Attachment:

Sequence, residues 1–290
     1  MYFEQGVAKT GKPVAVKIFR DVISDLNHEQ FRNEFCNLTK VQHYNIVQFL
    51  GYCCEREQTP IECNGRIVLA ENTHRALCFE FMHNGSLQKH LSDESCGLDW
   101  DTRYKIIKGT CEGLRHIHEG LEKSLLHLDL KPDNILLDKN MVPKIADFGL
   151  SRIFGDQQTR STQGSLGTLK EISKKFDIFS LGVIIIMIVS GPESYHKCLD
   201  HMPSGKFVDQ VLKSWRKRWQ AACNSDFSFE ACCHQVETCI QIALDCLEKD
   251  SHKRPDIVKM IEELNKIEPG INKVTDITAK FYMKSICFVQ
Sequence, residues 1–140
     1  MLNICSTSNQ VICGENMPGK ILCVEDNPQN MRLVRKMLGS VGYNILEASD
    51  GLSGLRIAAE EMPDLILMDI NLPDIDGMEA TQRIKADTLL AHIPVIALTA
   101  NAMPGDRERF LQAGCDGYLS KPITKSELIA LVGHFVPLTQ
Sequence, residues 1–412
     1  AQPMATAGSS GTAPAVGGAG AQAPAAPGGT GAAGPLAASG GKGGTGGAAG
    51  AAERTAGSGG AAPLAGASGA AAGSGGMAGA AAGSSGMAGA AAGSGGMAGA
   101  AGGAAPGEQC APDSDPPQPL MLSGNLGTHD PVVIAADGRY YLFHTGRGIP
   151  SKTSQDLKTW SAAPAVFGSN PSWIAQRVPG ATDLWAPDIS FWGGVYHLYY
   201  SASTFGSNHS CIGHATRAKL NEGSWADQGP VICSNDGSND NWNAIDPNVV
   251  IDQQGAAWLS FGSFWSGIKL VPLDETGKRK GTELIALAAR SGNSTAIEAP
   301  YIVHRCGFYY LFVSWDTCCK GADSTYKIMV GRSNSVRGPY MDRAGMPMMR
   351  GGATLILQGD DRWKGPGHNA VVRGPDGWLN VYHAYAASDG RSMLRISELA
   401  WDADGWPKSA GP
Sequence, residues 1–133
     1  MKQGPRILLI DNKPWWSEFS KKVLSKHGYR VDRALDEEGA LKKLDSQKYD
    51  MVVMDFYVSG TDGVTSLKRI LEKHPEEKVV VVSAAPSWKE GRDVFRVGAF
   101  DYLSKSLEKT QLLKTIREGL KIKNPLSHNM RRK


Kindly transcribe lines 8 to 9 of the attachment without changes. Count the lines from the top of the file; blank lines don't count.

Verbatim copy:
Sequence, residues 1–140
     1  MLNICSTSNQ VICGENMPGK ILCVEDNPQN MRLVRKMLGS VGYNILEASD